's Live At The Pershing (Argo, 1958). That recording might have been what really turned me on to music. I think I was about three or four years old checking out that recording.
SW: I would just listen to that record over and over. " Poinciana" was a big hit at the time. I would beg my mother, "Mommy, mommy, put the record back on. And there were some other recordings, Miles Davis
, some Motown, and Staxx, so it was a whole variety of music that I was listening to. Also, we went to church most Sundays, and my father used to sing in an all- male spiritual choir. I used to travel with them and sit in the front row and listen to them. Furthermore, Hampton Institute, which is now Hampton University, was renowned for their gospel and spiritual concerts, which were conducted by a guy named Roland Carter, who is now in Pittsburgh.
There was a local pianist that my father was friends with named Joe Jones. They called him "Virginia" Joe Jones. He had played with Dizzy Gillespie
briefly in the '50s. He was one of these guys that knew all the old tunes. He was one of these gunslinger type of cats; he wasn't a super trained musician like cats are today. But anyway, all of these things were an influence on me.
GC: So it seems that there would be no surprise that you became a musician, because music was all around you. It was part of the culture. Not that your parents forced you to play instruments, but it was natural. Was your family surprised or supportive?
SW: I had always shown an affinity for the drums, particularly. Most kids are attracted to drums, when you see parades, etc... My parents got me a drum set for Christmas.
GC: I didn't know you played drums!
SW: Well, I'm a frustrated drummer above all.
GC: Aren't we all?
GC: [laughs] Even the drummers!
SW: [laughs] Right! I never pursued being a trained drummer, because around age eight or nine I knew I wanted to focus on the saxophone. At some point in high school, I had thought about becoming a social worker, but my parents always recognized that I have an affinity towards music. At first they thought it was a phase, but then they were supportive. I had already started playing professionally as soon as I learned the horn. Also, everybody in the neighborhood played music, all the kids played music. There were two things we did in my neighborhood, played music and played sports. So we started to form garage bands. We put different bands together, and we were playing school dances by the time we were 14 and 15 years old. And then we would play at the Elk's Lodge or some of the clubs around the city. So basically all of my activity was music or sports. So I don't think it was a surprise to my folks when at 17 or 18 years old, I was definitely choosing to be a musician.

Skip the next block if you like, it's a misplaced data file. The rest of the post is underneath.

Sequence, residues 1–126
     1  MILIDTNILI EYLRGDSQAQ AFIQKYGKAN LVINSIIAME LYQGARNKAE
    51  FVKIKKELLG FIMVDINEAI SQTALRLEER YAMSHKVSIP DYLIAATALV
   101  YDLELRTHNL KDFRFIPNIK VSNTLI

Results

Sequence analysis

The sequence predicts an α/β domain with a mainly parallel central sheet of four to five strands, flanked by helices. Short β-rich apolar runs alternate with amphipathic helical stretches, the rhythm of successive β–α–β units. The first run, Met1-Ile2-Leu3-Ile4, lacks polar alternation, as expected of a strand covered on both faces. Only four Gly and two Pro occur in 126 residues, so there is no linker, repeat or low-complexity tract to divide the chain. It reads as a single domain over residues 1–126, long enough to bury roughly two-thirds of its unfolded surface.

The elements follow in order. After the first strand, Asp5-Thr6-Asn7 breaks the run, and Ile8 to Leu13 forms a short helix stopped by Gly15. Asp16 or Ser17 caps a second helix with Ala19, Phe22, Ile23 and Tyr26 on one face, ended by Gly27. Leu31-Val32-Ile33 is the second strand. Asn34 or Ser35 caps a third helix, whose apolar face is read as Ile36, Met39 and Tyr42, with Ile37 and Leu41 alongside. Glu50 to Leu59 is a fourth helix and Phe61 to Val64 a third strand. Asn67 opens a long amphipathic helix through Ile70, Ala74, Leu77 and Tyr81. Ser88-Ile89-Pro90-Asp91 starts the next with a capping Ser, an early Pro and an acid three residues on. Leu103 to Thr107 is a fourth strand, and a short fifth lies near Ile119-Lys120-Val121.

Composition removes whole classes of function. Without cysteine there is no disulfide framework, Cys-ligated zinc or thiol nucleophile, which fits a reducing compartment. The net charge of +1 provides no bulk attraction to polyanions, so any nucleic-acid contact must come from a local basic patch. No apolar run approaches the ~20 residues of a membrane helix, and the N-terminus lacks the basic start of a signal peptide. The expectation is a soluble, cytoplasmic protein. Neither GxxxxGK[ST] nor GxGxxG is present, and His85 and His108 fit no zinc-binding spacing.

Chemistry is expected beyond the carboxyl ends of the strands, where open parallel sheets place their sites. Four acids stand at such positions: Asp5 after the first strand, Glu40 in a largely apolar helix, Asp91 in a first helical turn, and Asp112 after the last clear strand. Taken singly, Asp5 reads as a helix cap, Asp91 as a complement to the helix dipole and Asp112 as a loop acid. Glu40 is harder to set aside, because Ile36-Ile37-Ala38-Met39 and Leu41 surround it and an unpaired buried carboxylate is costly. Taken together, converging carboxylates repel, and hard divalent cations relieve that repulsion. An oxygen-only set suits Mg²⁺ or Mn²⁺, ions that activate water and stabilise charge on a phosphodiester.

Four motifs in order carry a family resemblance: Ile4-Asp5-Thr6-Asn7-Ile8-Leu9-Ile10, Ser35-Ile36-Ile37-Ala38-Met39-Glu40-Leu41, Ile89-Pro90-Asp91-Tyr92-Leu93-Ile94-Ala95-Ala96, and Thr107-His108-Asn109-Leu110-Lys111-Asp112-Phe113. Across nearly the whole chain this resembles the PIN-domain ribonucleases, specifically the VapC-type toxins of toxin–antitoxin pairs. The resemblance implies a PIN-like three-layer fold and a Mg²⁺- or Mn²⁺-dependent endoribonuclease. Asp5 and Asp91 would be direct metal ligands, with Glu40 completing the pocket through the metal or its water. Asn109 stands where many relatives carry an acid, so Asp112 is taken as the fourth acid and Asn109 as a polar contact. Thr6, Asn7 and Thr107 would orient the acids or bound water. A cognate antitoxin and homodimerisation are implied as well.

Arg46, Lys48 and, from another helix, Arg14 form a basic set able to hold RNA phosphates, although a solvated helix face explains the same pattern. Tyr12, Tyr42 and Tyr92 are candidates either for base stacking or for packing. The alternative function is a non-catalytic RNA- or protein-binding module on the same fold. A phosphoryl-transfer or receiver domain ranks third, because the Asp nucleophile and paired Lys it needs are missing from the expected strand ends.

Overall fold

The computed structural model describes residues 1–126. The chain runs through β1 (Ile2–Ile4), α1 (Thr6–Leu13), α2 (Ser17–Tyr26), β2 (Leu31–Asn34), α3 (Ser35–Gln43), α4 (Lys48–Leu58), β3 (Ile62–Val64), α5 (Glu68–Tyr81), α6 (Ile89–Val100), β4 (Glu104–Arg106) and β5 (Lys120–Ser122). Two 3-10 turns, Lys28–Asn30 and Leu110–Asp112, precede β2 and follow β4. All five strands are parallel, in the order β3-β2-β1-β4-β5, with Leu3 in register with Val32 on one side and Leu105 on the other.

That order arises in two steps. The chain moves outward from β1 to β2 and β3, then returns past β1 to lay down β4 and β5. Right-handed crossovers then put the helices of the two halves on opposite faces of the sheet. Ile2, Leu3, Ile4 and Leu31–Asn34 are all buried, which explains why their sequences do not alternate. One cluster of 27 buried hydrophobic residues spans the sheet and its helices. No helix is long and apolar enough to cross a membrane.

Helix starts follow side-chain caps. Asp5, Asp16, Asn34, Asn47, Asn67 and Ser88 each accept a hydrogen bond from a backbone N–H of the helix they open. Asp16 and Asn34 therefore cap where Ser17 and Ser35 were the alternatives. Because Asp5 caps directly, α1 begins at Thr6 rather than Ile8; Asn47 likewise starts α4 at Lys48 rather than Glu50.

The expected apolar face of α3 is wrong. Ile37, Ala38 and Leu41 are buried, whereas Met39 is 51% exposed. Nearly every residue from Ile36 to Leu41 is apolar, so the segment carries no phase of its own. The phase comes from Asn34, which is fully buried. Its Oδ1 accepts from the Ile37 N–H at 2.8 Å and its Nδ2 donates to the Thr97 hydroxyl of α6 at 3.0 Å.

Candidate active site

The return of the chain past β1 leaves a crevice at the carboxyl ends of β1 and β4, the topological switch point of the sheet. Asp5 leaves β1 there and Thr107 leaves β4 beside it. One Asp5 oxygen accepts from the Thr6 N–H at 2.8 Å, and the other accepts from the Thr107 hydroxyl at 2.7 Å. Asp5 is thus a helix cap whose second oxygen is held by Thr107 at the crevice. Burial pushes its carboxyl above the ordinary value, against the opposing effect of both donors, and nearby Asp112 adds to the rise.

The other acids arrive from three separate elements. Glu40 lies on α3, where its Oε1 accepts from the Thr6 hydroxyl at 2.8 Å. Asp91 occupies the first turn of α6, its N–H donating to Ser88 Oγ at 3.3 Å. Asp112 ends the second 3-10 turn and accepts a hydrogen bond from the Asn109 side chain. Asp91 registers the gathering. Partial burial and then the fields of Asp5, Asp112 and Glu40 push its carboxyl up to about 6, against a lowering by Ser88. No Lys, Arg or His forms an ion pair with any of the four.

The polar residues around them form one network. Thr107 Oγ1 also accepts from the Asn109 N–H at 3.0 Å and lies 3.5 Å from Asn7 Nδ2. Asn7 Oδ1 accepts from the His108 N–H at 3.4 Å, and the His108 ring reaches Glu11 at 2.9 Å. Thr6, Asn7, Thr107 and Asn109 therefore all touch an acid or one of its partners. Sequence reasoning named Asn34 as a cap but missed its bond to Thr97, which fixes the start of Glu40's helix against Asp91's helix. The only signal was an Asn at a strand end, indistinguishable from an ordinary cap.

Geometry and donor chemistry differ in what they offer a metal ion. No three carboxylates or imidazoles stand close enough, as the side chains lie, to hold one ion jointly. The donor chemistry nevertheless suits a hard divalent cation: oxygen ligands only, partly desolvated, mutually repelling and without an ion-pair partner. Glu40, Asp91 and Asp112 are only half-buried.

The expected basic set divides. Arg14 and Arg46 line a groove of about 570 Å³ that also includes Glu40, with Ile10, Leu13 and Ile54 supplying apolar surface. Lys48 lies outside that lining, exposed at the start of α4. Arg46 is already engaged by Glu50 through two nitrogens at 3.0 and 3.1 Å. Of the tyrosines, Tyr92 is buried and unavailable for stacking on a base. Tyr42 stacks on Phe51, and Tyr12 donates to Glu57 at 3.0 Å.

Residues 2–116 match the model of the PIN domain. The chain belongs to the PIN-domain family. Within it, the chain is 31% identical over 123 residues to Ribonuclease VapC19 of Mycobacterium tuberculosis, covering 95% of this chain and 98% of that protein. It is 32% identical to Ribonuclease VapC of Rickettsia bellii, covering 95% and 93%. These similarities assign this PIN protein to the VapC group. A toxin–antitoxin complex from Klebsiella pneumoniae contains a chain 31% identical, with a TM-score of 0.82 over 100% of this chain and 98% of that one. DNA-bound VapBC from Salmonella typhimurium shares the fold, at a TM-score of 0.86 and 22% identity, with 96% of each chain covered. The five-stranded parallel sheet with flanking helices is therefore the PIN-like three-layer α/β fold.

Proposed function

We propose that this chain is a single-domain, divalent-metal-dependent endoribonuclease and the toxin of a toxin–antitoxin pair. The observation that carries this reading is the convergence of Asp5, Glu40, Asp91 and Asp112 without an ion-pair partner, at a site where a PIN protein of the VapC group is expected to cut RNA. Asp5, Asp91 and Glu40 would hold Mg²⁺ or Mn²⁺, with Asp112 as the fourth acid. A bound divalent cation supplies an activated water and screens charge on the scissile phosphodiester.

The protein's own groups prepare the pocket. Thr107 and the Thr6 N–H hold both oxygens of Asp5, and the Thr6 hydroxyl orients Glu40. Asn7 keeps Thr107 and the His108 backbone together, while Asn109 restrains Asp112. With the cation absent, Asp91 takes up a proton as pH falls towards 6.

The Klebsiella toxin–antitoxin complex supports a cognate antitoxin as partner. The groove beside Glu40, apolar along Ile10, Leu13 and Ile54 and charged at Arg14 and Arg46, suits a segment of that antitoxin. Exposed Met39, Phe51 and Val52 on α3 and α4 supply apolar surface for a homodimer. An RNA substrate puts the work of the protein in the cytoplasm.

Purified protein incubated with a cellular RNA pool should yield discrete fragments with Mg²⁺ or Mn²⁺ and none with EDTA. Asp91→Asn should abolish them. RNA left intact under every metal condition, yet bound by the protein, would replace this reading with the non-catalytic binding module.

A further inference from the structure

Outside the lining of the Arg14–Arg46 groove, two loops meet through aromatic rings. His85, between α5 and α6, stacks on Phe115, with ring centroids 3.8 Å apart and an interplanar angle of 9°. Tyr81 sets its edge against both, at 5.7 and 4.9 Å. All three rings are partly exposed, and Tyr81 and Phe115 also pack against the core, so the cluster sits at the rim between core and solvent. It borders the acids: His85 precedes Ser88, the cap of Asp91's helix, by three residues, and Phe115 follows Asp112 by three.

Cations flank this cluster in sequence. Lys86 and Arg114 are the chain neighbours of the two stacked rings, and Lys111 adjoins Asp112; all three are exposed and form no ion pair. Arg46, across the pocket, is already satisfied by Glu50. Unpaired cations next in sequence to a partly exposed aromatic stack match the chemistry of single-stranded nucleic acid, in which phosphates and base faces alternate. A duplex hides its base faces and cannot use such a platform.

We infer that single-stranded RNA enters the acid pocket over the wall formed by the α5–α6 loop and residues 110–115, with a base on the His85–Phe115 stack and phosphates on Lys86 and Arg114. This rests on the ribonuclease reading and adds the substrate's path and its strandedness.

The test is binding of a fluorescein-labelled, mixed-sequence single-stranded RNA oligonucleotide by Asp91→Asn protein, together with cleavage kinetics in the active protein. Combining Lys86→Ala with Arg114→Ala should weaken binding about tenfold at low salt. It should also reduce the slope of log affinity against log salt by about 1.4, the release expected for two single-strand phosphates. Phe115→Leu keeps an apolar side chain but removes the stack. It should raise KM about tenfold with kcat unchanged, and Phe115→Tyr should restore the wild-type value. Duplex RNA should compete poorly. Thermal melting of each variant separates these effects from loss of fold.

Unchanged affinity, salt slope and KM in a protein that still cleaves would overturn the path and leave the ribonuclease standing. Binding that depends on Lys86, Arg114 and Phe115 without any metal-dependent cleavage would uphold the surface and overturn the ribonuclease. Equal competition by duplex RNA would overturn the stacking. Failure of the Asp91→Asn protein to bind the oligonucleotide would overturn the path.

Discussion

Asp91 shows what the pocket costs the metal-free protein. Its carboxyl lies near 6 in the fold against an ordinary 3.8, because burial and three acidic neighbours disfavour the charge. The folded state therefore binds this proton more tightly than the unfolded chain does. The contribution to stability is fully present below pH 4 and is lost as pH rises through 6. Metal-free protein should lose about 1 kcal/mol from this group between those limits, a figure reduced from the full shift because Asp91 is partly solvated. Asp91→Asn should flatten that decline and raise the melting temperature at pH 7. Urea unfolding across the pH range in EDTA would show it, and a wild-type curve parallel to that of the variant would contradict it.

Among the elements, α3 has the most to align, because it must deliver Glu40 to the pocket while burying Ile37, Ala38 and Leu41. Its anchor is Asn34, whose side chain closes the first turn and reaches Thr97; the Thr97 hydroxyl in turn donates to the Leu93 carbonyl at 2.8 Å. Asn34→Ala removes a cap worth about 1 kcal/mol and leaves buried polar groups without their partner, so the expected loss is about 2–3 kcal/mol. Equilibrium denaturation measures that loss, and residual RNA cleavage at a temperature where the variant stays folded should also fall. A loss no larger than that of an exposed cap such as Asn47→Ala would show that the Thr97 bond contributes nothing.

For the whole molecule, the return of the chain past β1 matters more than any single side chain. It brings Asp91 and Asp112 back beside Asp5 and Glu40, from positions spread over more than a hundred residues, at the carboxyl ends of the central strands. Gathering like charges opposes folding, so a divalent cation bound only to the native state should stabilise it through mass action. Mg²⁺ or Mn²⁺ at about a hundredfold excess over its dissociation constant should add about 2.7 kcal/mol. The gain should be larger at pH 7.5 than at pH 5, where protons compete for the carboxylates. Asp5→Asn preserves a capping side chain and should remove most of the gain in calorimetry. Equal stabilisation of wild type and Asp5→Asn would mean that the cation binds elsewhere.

GC: What year did you move to New York?
SW: 1987. I was 26 years old.
GC: Was it a shock? I mean you were already working with Stephanie Mills.
SW: Actually that was in 1981-82. I went back to school, and then stayed in Richmond for a while, and then moved to New York. But I had been making periodic trips to New York. And also I was playing with the band Out Of The Blue. Kenny Garrett
had contacted me and told me that the alto chair was open in that band. So I was already working some. But yes, it was a shock because in Richmond, I worked constantly, but when I moved to New York at first there was very little work off the bat. Out of the Blue wasn't working that much, it was kind of the end of their run. But I just networked for a while and it started to snowball.
GC: It seemed to me for a while you were with every band out there. I saw you playing in Geoffrey Keezer
SW: No, I never did. I played with him once in Mount Fuji in Japan, with the Art Blakey Big Band, but I was never in the Messengers.
GC : It's probably impossible to plan on having a career as illustrious as yours, but what would tell a young musician who aspires to this kind of sideman career, especially as a non-rhythm section player?